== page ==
In the Garden:
Western Mountains and High Plains
April, 2006
Regional Report

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After the lawn has been core aerated many plugs will remain on the surface. Even my friendly rabbit is enjoying the new green shoots as the lawn begins to awaken.

Rituals of a Spring Workout

As gardeners throughout the region, including me, get the urge to get out there and garden, we need a friendly reminder to take it slow at first. It's easy to be tempted to do too much in one day and then feel the pain the next morning. A little will go a long way in the early part of the season.

As I was helping a friend clean up the backyard, it was so refreshing to see Nature at its best, the awakening of life in plants that survived their winter dormancy. Even the roses had begun to expand their tiny buds in anticipation of the longer days and warmth of spring.

Next we moved to the lawn, a lawn that had been neglected from winter's drought and people, cat, and dog traffic. Following is a process that really works to give your lawn (and yourself) a good workout.

Lawn Tune-Up
Spring is the time to give your lawn a strong and healthy beginning. You can do your part by following some basic but very important steps.

1. Clean turf areas before you begin lawn renovation. Rake up matted leaves, twigs, and other debris that have accumulated since last fall and winter.

2. Core aerate the lawn and open up those compacted soils. Proper lawn aeration allows for water, air, and nutrients to become more available to the roots of turf grasses. The best results can be obtained from aerators that remove 3-inch cores, 3/4 inches in diameter and spaced at 3 to 6 inch intervals. The aerator should cross the lawn at least twice, going in two different directions.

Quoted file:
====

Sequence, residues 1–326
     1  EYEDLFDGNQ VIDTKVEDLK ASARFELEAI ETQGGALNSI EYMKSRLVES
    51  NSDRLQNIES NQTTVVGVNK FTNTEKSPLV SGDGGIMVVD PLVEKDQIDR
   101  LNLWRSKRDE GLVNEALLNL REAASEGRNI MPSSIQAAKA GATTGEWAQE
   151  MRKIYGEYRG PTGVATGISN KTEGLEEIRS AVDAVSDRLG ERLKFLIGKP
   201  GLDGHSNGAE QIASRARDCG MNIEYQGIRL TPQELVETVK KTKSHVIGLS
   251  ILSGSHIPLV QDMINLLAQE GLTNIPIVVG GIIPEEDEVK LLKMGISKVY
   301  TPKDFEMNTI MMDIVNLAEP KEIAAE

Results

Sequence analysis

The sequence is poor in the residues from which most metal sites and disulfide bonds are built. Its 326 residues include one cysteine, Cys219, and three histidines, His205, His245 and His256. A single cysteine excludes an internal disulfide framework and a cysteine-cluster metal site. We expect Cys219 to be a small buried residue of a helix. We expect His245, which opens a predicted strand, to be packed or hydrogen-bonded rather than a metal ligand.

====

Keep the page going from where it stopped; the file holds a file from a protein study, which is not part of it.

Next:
If your lawn has a thatch layer, core aeration will break through this barrier and permit water movement into the soil. With the increase in water and air penetration, grasses will stimulate new root growth into the root zone area. Additionally, all those holes provide easy entry for fertilizer and pulverized compost. If you need to overseed a thin lawn, the openings left from aeration provide lodging places for grass seed to germinate more successfully.

Older lawns with thatch accumulations over 1/2-inch thick will benefit from a good core aeration. Aeration helps to break through the thatch layers and allows for microbial activity to continue the decomposition of thatch.This results in better root growth and a thicker lawn. Additionally, a process of thatch degradation will begin to make the lawn grow more vigorously. Your lawn will grow thicker and become more resistant to diseases.

3. Schedule a proper fertilization for your lawn before summer arrives and temperatures start to climb. Select a lawn fertilizer with a good nutrient analysis, including a sustained nitrogen release. Slow-release nitrogen helps to prevent the "feast and famine periods" that predispose lawns to stress and disease problems.

4. Prevent crabgrass from mid-April to early May, before the seeds have the opportunity to sprout. A proper treatment can also help prevent other undesirable annual weeds like goosegrass, foxtail, annual bluegrass, and creeping spurge.

5. Repair any bare spots in Kentucky bluegrass, perennial rye, or fescue lawns. Sow the best seed or purchase the best sod you can find. Quality seed and sod will produce the best lawn.

6. Check lawn and garden equipment to make sure everything is working properly. Drain old gasoline and change oil in your lawn mower. Sharpen mower blades before using. Remember, clean and sharp cuts make for a healthier and better looking lawn.


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